Inside the house, there would be little if no furniture. It was only from the Qajar era, under the influence of the European style, that houses were progressively furnished in Iran. Traditionally, the most essential element of the room is the carpet, as people would sit on the floor to talk, have tea, and share food. Large cushions are placed against the walls, so that people can lay back. And when comes the time to sleep, they would bring floor mattresses, later put away when unused.
How and where to visit traditional houses in Iran?
It’s unthinkable to visit Iran without visiting a few traditional houses. Unfortunately, many have been destroyed in the past centuries, in particular in the capital city, Tehran. Hopefully, plenty of them are now being renovated and turned into museums, hotels, cafes, and restaurants, so that the travellers can fully appreciate them.
There are traditional houses of various local architecture in all regions of Iran. However, central Iran is where the most beautiful traditional houses can be admired. And the good news is that it’s probably your destination as well! Let’s have a look at some of the traditional houses you can enjoy in four of the main cities of Iran: Kashan, Isfahan, Yazd and Shiraz.
Traditional Houses of Kashan
Kashan is the main city in Iran to admire traditional houses, as it holds some of the most beautiful. These traditional houses belonged to rich merchants of the 19th century. Each of them has a unique architecture and an exceptional interior design that are the best illustrations of the beauty of Persian architecture.
Boroujerdi House, Tabatabei House, Ameri House, Abbasi House are the three most famous traditional houses to see while in Kashan. You can visit them with a small entrance fee. You can also appreciate Morshedi House and Manoucheri House for their restaurant. These two also are beautiful hotels you can stay at. Along with them, we recommend you the following hotels in Kashan to experience a night in a traditional house:
- Saraye Ameriha Boutique Hotel
- Darbe Bagh Residence
- Adib House Boutique Hotel
Traditional Houses of Isfahan
Isfahan is another great destination to appreciate traditional houses, with a lot of amazing houses dating from the great dynasty of the Safavid. Now turned into a hotel, Mollabashi House has one of the most beautiful and photogenic “Shahneshin”. You can also appreciate tea in the yard of Abbasi Hotel, that was not a house but a caravanserai. And on top of this, we highly recommend you stay at one of these hotels:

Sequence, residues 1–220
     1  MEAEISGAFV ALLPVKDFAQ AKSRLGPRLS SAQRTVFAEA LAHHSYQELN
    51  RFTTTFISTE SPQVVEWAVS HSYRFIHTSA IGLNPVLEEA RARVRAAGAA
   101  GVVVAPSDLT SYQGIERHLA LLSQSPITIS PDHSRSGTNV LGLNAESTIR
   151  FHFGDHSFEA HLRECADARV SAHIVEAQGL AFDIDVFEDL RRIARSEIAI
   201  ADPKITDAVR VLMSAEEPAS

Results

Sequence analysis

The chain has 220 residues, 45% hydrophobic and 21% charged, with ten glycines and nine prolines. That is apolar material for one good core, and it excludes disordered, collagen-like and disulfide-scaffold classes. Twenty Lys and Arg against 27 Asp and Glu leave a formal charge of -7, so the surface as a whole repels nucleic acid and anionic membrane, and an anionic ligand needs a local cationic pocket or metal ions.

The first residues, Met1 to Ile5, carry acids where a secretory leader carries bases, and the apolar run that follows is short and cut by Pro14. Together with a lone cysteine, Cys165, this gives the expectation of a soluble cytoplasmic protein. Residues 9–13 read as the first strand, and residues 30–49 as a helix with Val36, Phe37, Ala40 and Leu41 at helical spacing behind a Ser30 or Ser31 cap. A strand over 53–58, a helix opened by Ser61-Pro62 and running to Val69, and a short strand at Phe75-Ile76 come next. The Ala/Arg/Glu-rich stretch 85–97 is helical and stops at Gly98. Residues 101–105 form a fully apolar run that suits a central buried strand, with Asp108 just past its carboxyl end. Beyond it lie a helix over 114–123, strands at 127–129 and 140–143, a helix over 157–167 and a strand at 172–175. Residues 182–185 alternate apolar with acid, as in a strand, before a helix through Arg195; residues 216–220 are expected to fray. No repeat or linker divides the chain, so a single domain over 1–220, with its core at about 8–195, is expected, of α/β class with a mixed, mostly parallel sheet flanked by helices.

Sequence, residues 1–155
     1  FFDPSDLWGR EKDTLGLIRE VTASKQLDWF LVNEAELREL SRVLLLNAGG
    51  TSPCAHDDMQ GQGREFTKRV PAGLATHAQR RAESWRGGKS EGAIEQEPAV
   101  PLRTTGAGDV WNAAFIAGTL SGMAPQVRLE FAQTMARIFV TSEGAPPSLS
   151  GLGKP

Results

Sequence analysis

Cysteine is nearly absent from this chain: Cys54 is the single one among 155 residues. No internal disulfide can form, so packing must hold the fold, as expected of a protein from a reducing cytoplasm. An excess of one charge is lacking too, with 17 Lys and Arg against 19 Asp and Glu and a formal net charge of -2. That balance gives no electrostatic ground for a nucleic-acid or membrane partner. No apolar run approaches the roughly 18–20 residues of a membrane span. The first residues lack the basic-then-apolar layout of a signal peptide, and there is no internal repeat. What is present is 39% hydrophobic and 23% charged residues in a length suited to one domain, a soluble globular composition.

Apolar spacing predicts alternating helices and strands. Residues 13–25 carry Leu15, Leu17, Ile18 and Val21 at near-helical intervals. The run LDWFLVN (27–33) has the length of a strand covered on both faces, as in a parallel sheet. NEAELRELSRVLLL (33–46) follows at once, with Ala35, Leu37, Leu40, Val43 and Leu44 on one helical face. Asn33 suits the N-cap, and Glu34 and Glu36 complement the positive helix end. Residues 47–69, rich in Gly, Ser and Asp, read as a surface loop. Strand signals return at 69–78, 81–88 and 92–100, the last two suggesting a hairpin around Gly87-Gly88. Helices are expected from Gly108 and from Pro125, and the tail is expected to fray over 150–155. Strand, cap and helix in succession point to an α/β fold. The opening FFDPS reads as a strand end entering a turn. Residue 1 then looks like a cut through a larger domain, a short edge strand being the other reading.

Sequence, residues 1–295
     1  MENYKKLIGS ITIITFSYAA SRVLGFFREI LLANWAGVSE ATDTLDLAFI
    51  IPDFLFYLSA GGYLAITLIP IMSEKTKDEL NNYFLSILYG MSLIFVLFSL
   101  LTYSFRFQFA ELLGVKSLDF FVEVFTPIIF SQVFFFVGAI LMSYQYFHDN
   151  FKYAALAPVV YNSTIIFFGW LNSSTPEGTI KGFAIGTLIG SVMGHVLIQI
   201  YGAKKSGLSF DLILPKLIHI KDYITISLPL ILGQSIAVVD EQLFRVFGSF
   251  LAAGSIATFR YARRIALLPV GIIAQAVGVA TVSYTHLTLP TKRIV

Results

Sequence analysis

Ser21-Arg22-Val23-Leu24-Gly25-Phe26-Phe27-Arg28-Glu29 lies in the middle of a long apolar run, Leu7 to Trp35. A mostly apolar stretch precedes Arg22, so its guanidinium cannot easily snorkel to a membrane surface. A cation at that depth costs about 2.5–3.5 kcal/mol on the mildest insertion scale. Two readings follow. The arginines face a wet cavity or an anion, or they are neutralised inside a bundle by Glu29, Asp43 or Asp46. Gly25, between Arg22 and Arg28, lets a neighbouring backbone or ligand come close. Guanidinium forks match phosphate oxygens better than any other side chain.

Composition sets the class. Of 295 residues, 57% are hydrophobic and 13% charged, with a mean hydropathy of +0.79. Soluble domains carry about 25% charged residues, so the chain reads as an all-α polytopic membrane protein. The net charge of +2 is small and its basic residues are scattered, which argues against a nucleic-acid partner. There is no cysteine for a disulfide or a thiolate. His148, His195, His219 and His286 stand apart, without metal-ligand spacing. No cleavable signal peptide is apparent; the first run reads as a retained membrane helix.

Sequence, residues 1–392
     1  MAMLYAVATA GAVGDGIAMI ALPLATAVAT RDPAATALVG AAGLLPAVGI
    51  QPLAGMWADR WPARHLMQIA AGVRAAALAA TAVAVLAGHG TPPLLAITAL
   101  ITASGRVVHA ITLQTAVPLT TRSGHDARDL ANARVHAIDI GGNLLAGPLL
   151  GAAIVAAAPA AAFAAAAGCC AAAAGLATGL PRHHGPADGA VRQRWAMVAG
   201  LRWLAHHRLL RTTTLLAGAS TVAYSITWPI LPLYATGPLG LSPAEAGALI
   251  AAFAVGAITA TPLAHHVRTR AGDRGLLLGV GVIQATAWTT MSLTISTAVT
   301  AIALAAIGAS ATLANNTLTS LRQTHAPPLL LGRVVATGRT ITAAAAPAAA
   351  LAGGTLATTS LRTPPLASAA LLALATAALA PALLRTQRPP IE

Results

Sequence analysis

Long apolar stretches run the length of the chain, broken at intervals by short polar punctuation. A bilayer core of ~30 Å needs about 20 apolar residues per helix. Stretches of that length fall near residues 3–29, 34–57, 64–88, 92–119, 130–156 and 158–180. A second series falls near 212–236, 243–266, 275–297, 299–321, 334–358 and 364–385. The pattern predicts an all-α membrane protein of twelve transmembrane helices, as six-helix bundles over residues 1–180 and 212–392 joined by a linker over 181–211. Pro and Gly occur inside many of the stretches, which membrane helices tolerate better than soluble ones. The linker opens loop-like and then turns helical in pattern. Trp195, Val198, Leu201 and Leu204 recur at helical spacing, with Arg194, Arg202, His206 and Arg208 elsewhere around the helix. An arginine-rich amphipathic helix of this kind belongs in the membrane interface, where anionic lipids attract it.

- Ghasr Monshi
- Bekhradi House
- Keryas Boutique Hotel
- Isfahan Traditional House
- Kianpour House
- Keshish House
Traditional Houses of Shiraz
Going further south, the atmosphere changes a bit as you approach Shiraz. In this city famed for roses, orange blossoms, an
d poetry, the refinery of its house is comparable to Isfahan’s and Kashan’s. Don’t miss the visit to Qavam House, located in the Naranjestan Garden, once the residence of Shiraz’s ruling family under the Qajar dynasty. Zinat ol-Molk is another beautiful traditional house that has now become a museum. You’ll also find plenty of smaller houses turned into cafes and hotels, such as:
- Emarat Fil (Elephant Boutique Hotel)
- Aghazadeh Boutique Hotel
- Darb-e Shazdeh
- Homayouni Hostel
- Forough Traditional Hotel
Traditional Houses of Yazd
Traditional houses of Yazd tend to differ from the other cities of Iran. One of the most iconic is Aghazadeh House, a beautiful Qajar house located in Arbakooh, near Yazd. Malek-o Tojjar is another beautiful traditional house that once belonged to a rich merchant close to the Qajar king Naser al-din Shah. As Yazd is a desert city, all houses have one or several windcatchers. They are also singular for using their rooftop, now often used as cafes. Here again, don’t miss your chance to stay in one of Yazd’s traditional houses during your stay:
- Moshir Al-Mamalek
- Naranjestan Traditional House
- Saraye Shaarbaf